There is something special about interviewing a band over a period of time. You can see them grow, old dreams achieved or dashed and the emergence of new ones. There is also a familiarity that comes with repeat interviews. The musicians trust you more and seem more relaxing during the discussion.
In some ways, my interview with Eric Earley and Marty Marquis of Blitzen Trapper felt more like a couple of friends over drinks at Portland’s Pied Cow. When I first met Marquis, I hadn’t even moved to Portland yet and he seemed excited and willing to dispense advice about his adopted city.
It is undeniable that Blitzen Trapper’s status has grown since our first encounter last year. While our discussion centered on life in Portland and music, the party at the table next to us seemed to hang on every word. At the end of the interview, they approached us and asked for photos with Earley and Marquis.
As we left, I asked Earley if being recognized had become more common. He said it had and that people would ride by in the city and shout, “Blitzen Trapper!” at him as he walked down the street. How did he keep it from happening? He confessed he spent a lot of time with his hoodie over his head. I am proud to present the Spectrum Culture interview with Blitzen Trapper.
This is actually the third time I’m interviewing you, Marty, and the second time I’m interviewing you, Eric. The first time we talked, I saw you in a place where I could put my foot on the stage and still be in the back of the room. Things have changed a lot since then. That was in the bar in the Black Cat.
MM: In the little, tiny room downstairs? There were dudes with Viking helmets in the front that were blocked the view of the entire crowds.
Fleet Foxes opened for you.
EE: What city was that?
EE: Oh, D.C. Oh yeah.
MM: It’s the same place we played last time.
We actually talked in the alley because there was too much noise and there were all these rats out back. It seems like a lot has changed for guys since then. What has been the biggest one?
EE: For me, the biggest change is the size of the crowds we’re playing to in the different cities. That’s about it really.
MM: The makeup too and I guess that goes along with the size. There’s only so many cutting-edge, music geek hipsters that are going to come out to a show but once the music gets a little more exposed you have people from all different age groups and demographics. Lots of sing-alongs.
EE: Yeah, that’s surprising to me.
MM: People used to sing along to maybe “Wild Mountain Nation” when we were playing on that Foxes tour.
EE: Now they sing along to the half of Furr.
Well, Furr is more of a sing along type album than Wild Mountain Nation.
MM: Yeah. For sure. For sure.
The last time we talked you told a story about some crazy hitchhiker guy who picked you up. Do you have any other stories from the road that you’d like to share?
MM: It kinds of blends together. I have trouble thinking on the road or processing anything. It’s hard to remember what happened out there.
EE: I think this tour there is a lot of the same strange fan kind of things going on. People sneaking backstage or girls dressing up like me.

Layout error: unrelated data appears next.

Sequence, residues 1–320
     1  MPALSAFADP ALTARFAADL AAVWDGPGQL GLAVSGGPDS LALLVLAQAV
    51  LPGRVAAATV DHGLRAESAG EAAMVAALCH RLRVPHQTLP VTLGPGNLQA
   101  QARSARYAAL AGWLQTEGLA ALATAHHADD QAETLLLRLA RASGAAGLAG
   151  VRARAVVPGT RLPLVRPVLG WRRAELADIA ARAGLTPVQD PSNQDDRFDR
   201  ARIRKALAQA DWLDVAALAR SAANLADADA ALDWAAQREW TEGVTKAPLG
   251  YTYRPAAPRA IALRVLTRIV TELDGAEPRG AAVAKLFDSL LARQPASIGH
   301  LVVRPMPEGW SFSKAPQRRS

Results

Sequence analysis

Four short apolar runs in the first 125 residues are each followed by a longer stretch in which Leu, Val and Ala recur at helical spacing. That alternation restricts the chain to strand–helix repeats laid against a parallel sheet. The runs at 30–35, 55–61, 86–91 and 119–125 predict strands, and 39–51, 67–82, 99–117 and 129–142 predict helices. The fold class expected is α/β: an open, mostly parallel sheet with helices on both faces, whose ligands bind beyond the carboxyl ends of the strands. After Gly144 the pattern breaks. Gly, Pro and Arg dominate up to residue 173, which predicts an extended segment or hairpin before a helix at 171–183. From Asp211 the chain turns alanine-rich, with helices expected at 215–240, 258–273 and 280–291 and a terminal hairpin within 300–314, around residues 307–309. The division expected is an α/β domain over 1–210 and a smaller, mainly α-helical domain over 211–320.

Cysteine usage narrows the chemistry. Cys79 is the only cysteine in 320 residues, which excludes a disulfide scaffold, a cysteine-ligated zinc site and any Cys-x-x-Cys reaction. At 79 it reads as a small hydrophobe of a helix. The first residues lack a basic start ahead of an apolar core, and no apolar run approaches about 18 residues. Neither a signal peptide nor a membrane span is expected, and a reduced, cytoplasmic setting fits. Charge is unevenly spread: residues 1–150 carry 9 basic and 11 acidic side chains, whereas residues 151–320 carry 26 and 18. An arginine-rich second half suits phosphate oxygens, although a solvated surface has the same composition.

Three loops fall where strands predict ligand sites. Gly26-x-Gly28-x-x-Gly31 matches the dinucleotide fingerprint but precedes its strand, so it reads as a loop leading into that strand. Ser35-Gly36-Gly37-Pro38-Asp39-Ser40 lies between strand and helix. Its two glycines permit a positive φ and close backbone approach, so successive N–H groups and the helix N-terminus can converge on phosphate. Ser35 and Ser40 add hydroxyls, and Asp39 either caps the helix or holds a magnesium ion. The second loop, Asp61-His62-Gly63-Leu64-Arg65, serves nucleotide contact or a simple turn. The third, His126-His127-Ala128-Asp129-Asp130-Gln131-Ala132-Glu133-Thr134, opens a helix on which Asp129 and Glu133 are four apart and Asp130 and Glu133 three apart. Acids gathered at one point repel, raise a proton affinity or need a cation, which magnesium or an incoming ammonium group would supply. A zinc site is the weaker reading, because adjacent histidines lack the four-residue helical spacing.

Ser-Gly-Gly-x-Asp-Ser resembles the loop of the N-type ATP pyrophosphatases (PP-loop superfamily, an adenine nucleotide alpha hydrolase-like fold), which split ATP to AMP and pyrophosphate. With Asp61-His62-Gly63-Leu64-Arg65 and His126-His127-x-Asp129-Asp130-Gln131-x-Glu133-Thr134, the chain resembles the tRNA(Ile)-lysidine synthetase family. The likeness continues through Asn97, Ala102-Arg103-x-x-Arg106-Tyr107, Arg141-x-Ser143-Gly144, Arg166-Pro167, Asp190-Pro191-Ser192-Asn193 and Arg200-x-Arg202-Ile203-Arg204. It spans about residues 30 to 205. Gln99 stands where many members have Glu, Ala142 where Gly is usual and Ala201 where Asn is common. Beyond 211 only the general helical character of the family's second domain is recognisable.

How does a girl dress up like you?
EE: Once there was this group of six girls that all wore flannel shirts like I wore on the tour before. I was like, “What? What are you doing?” My favorite time on tour is hanging out with the other bands and singing Neil Young songs and shit like that. There is always dark stuff that happens too.
MM: In Montreal on this last tour, somebody smashed into the bus and the opening band’s van and stole some stuff.
EE: There was like a foot and a half of snow and everybody spoke French. (laughs)
Do you still have that fucked up van you had the first time we talked? Didn’t the wheels come off?
MM: Oh yeah, that’s right. That was the problem of the mechanic…
EE: It wasn’t the van; it was the mechanic. He rotated the tires but….
MM: Didn’t attach one of them. Yeah, we’re lucky we didn’t all die that time. I’m trying to think about this last tour and not a lot of weird stuff happened. It was really smooth.
EE: The Mountain tour was weird for me because I got to play on stage with Stephen Malkmus. Every show we’d come up and play and it was great. For me, personally, was something I always wanted to do. For me, that was like playing with Neil Young. Stephen Malkmus, when I was a kid, was one of my heroes.
Was he cool to you?
EE: He was really cool.
MM: He was great. He’s totally avuncular and he’s a sports geek.
EE: Super smart.
MM: Yeah, on that tour I saw the coolest encore I’ve seen all decade. He did a stream-of-consciousness encore
EE: He did like five covers but he strung them all together and just did pieces. They were really badly done, but they were really funny. He would make up the words.
MM: The crowd would start yelling the words at him. There’s a rundown of it online somewhere.
EE: Yeah, some writer picked it to pieces.
MM: Yeah, he found the internal logic to this stream-of-consciousness. It was glorious.
So, for Eric, opening for Malkmus was like his Neil Young. Who would it be for you?
MM: Caetano Veloso, probably. Mark Lanegan would be closer to that because I’ve discovered Veloso relatively recently.
Do you know about that English-language covers album that he did? It’s really awesome, except for that Dylan cover he did.
MM: Wait, maybe I don’t have that.
It’s called A Different Sound. He does a Talking Heads cover, Dylan, “Come as You Are” by Nirvana.
MM: Oh, that’s rad. I don’t even know about that. He’s got another covers record that he did for Sub Pop. He grew up close to where I grew up. I’m from Yakima, Washington.
MM: No, Lanegan.
I’m talking about Caetano Veloso.
MM: Oh! (Laughs)
EE: He’s got a covers record?
EE: I’ve never heard of it.
MM: He’s got a 1986 record where he covers “Billie Jean” on it.
MM: Yeah. Veloso is a prince, I think.
How about you, Eric? Anyone else out there you want to play with?
EE: Thurston Moore maybe. I don’t know. That would be freaky though. Those were my two guitar heroes as a kid. Maybe not so much now.
So, let’s talk about Portland. Do you guys do a lot of interviews where you talk about the city?